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Osteoarthritis Cartilage. 2011 Apr;19(4):389-98. doi: 10.1016/j.joca.2011.01.006. Epub 2011 Jan 19.

Influence of lifetime hip joint force on the risk of self-reported hip osteoarthritis: a community-based cohort study.

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School of Population and Public Health, University of British Columbia, 5804 Fairview Avenue, Mather Building, Vancouver, BC V6T 1Z3, Canada.



To investigate the influence of cumulative lifetime hip joint force on the risk of self-reported medically-diagnosed hip osteoarthritis (OA).


Prospective cohort.


General population.


Members of Canadian Association of Retired Persons, community-dwelling.


Health-professional diagnosed hip OA, self-reported.


Exposure data on lifetime physical activity type (occupational, household, sport) and dose (frequency, intensity, duration) was collected in 2005. Subjects were ranked in terms of a 'cumulative peak force index' (CFPI), a measure of lifetime mechanical hip joint force. Multivariable survival analyses were performed to obtain adjusted effects for mean lifetime exposure and during 5-year age periods.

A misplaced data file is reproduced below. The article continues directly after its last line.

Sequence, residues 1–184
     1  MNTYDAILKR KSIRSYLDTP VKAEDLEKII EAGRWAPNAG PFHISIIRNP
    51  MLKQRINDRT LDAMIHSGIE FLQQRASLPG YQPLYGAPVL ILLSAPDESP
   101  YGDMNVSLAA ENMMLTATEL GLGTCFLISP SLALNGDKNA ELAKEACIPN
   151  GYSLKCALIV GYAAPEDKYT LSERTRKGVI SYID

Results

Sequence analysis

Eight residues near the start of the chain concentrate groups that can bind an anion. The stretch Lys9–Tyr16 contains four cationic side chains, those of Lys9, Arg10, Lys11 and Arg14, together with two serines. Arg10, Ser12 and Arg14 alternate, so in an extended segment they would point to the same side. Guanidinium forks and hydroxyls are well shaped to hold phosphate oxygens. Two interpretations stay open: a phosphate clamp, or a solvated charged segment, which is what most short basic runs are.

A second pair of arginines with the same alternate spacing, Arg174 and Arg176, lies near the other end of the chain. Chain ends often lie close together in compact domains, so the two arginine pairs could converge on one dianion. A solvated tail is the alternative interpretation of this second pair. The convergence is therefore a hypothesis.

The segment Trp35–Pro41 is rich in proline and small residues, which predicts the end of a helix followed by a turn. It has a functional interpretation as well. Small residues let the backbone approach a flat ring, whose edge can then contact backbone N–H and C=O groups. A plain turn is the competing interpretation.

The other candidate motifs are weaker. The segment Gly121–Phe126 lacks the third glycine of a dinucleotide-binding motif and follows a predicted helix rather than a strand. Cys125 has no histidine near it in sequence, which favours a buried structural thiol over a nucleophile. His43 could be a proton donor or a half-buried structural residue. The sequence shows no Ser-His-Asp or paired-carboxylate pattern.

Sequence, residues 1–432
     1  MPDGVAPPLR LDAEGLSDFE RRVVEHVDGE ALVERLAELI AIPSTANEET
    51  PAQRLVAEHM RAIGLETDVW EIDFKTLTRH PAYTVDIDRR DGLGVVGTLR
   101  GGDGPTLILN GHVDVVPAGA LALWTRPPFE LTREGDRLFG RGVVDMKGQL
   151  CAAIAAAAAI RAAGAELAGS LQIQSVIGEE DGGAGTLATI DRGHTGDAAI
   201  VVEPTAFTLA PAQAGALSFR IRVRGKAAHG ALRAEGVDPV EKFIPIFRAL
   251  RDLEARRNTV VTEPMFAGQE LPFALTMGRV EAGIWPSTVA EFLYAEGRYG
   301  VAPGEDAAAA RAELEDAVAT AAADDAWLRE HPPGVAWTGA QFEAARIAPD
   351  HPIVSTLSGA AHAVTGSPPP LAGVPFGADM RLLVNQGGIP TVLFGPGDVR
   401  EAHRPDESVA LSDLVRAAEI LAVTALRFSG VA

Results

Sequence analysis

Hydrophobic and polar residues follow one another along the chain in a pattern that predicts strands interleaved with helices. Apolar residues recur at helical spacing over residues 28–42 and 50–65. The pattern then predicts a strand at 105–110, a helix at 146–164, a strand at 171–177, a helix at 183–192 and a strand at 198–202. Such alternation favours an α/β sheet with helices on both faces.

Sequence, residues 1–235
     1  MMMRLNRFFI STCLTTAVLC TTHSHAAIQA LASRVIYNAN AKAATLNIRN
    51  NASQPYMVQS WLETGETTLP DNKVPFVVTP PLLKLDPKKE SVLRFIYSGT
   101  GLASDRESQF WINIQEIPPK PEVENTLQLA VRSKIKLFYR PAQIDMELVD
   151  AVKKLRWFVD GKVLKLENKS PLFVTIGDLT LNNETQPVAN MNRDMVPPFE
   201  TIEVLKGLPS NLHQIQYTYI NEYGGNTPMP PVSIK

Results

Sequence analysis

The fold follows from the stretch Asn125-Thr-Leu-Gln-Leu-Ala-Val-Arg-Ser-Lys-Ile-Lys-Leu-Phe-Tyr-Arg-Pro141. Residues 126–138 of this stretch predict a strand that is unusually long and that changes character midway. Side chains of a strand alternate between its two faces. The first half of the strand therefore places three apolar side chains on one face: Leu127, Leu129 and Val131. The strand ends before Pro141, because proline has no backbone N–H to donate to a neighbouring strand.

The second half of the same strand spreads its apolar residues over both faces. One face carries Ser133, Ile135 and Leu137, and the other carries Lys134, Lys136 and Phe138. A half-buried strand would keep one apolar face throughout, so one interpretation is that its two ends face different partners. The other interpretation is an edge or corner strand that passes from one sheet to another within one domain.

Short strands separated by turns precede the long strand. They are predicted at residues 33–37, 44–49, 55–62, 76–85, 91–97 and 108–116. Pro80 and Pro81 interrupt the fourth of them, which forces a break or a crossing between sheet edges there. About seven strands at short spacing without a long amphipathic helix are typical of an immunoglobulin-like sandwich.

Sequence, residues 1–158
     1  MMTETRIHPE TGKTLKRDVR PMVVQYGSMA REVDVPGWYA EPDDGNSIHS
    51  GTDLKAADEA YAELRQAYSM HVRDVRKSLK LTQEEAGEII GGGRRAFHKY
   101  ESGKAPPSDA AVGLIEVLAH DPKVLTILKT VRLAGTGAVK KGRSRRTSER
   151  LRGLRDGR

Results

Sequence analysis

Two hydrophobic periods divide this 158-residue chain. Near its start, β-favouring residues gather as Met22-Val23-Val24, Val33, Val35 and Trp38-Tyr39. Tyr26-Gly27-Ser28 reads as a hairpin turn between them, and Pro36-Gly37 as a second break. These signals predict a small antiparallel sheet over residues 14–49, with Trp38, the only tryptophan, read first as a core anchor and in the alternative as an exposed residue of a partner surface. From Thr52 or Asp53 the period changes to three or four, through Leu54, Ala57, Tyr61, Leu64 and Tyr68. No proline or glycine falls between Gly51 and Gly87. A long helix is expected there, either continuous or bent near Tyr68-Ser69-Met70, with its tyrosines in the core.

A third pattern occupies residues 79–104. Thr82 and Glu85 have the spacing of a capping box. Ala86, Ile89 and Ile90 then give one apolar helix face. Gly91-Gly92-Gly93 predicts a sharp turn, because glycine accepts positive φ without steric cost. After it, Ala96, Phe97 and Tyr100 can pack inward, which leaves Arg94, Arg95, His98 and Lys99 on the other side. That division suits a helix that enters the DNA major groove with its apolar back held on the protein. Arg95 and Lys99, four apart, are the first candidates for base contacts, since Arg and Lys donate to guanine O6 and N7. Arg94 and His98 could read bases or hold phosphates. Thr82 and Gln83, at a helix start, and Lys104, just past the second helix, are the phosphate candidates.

Of 2918 subjects aged 45-85, 176 (6.03%) developed hip OA during the 2-year follow up (43 men, 133 women). The highest quintile of mean lifetime hip CPFI (HR 2.32; 95% CI 1.31-4.12), and high hip force in three age periods (35-39, 40-44, 45-49) were independently associated with hip OA. Previous hip injury was an approximate five-fold risk for development of hip OA across all models. In analysis by activity domain (occupation, sport, household), there was a trend (non-significant) for the highest quintile of occupational force, but not sport or household, to be associated with hip OA.


A newly proposed measure of lifetime mechanical hip force was used to estimate the risk of self-reported, medically-diagnosed hip OA. While there are important limitations, this prospective study suggests that lifelong physical activity is generally safe. Very high levels of lifetime force from all domains combined, and in particular from occupational forces, may be important in the etiology of hip OA.

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